Temperatures finally seem to be on a cooling trend, signaling winter isn’t too far away now. We’re assuming that since you’ve found this blog post, you either do not have a whole-house heating system in your home, or yours is at the point that no amount of repair is going to bring it back to life.
We will also assume that you don’t want to just rush out and buy the first heater you can find. This typically ends up being a mistake, since you need that heater to be properly sized and matched to your specific home and needs.
Furnaces remain the most popular heating system installed in homes throughout the country, and for good reason. Most homes are already set up to install a heating system of this kind, whether it’s a gas-powered system or an electric one. So, it’s not difficult to add one to a home. Furnaces are cost-effective and work very efficiently (especially if you get one with an AFUE rating of 90% or above).
One downside to the furnace is that if you only have access to electricity and no natural gas lines in the home, it can be a bit expensive to run in comparison to other electric heater types. Electric furnaces do use a lot of energy to run, so you’ll want to use yours wisely.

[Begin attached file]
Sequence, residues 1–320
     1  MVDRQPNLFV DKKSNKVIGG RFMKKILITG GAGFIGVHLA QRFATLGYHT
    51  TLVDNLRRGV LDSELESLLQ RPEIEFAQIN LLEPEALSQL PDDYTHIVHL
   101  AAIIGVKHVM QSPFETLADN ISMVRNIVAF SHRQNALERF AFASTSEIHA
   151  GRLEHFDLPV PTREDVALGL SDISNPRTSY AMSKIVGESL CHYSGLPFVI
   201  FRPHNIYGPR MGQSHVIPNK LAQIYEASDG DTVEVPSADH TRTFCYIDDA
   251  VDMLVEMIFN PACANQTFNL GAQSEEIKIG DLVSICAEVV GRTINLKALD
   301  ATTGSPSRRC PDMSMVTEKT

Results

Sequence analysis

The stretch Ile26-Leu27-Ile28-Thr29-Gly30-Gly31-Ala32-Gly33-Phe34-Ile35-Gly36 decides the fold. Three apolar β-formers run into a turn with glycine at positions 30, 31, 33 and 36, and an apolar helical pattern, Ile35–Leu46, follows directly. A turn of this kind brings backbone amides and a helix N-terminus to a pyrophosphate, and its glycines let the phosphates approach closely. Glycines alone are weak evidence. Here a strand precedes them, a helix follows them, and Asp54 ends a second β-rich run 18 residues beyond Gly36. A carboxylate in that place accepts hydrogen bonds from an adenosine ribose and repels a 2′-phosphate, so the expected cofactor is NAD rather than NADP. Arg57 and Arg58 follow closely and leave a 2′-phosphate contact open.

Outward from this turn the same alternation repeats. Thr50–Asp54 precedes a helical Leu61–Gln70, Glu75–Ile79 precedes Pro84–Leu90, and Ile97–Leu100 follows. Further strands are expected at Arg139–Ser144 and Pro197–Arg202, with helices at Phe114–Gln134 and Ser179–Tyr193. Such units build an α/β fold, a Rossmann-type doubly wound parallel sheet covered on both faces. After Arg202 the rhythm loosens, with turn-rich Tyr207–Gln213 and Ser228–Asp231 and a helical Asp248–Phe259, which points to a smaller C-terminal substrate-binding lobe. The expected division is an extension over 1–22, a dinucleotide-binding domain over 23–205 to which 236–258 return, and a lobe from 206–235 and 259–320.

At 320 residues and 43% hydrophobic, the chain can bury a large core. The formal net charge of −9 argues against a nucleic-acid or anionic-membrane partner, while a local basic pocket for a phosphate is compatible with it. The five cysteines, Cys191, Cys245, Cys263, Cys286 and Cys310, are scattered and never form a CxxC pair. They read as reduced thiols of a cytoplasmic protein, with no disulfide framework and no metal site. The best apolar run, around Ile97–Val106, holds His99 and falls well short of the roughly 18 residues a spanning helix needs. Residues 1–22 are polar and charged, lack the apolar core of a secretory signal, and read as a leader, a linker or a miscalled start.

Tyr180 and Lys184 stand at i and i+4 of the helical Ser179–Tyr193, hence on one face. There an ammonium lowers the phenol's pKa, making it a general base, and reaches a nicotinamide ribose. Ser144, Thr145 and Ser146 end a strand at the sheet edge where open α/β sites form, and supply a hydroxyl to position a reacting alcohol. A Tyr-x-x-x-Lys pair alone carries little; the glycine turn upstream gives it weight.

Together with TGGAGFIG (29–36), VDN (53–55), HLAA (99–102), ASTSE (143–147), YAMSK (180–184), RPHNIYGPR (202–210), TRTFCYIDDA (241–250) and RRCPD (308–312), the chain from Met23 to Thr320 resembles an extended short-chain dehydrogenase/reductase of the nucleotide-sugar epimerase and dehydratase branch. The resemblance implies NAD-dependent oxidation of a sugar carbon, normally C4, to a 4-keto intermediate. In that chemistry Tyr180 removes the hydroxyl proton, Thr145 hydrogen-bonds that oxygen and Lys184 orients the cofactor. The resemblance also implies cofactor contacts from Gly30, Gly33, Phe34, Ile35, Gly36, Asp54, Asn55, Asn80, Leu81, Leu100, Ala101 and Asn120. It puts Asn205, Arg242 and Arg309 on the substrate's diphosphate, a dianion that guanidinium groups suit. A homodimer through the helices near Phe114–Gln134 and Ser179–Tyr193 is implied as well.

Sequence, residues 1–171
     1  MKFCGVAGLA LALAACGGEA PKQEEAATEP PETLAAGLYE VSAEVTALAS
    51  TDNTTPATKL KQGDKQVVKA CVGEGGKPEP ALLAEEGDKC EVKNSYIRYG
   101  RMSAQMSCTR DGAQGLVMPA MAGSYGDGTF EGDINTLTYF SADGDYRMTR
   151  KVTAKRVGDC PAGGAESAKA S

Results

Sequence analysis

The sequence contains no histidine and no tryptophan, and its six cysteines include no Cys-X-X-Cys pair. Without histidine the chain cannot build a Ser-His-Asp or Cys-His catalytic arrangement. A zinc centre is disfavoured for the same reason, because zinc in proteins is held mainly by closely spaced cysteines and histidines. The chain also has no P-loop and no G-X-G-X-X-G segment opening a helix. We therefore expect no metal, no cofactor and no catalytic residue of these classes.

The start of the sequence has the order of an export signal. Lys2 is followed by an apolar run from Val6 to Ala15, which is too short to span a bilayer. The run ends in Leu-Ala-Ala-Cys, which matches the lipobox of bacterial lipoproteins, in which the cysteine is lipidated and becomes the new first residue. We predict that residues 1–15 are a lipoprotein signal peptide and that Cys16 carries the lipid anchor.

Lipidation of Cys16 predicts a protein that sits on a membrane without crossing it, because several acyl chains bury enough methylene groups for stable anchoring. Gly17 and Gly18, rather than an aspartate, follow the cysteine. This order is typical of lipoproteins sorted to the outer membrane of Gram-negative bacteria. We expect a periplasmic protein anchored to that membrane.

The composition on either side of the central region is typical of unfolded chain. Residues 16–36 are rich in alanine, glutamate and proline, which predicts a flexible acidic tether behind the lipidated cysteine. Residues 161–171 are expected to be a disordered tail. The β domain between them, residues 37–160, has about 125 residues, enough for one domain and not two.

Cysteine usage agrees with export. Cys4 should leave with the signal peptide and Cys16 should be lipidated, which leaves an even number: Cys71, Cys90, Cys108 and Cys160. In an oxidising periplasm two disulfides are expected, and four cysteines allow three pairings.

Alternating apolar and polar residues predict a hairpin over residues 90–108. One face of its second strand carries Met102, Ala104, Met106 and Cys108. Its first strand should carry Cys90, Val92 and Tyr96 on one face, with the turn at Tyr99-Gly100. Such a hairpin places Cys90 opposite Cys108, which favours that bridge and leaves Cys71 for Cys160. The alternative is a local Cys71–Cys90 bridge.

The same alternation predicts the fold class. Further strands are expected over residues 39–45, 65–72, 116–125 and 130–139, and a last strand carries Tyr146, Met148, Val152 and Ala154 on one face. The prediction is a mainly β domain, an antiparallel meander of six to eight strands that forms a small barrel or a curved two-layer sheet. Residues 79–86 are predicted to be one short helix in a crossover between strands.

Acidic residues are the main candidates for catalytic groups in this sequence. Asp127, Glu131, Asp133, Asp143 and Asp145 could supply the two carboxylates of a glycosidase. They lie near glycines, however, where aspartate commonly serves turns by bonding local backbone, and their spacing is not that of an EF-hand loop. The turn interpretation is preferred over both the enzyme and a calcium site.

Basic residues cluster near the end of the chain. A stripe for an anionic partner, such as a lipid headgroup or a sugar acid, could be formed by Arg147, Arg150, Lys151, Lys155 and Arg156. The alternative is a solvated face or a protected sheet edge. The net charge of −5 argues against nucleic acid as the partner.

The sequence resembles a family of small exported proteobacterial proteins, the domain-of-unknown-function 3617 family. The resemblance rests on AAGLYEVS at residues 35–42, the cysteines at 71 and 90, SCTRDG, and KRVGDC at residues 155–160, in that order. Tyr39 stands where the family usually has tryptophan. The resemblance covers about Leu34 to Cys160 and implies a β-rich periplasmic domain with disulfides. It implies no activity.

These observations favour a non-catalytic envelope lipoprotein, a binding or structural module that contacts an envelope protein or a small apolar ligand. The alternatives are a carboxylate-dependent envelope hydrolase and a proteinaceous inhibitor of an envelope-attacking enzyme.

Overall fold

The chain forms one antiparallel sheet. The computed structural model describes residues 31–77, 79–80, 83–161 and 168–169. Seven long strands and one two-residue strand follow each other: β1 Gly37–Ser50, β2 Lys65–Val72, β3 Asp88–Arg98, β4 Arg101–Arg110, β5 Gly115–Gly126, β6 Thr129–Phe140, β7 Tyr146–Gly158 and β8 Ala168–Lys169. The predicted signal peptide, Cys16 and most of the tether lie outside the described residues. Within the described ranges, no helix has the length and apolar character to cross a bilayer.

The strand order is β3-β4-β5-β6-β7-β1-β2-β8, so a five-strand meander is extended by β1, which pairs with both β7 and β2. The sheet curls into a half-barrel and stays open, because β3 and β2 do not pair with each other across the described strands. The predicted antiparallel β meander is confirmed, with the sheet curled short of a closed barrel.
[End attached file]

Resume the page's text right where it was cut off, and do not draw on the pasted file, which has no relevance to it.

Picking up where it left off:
On the other hand, if you are having a furnace and its ductwork installed for the very first time, you could consider zone control heating. Zone control systems involve installing dampers in your ductwork so that if you want heat (or cooling from a central air conditioner) to go to one area or room of your home and not another, you have this ability.
Heat pump systems utilize electricity for their operation, but they use far less than an electric furnace. It’s a heating and cooling system in one, so the setup looks very similar to a central air conditioning system. An outdoor unit exhausts heat in the summer, after refrigerant has absorbed heat from the inside of your home. During the winter, it absorbs heat from the outdoors, even when it’s very cold out, and transfers it indoors.
Since a heat pump doesn’t actually generate heat but rather transfers it, it doesn’t use as much energy as your standard electric heating system. Why not have a heating system and air conditioning system all in one?
This takes the heat pump concept a step further by eliminating the ductwork. Rather, indoor air handlers are mounted high up on your walls, and each of these is connected to the outdoor unit as refrigerant cycles between them.
No major home construction is needed to install these indoor units (just a small hole in the wall of each of the rooms where they’re installed) and it’s a highly efficient system. You also get a thermostat setting for each room, which is the appeal of these systems as it means you get custom comfort for each person and room in your household.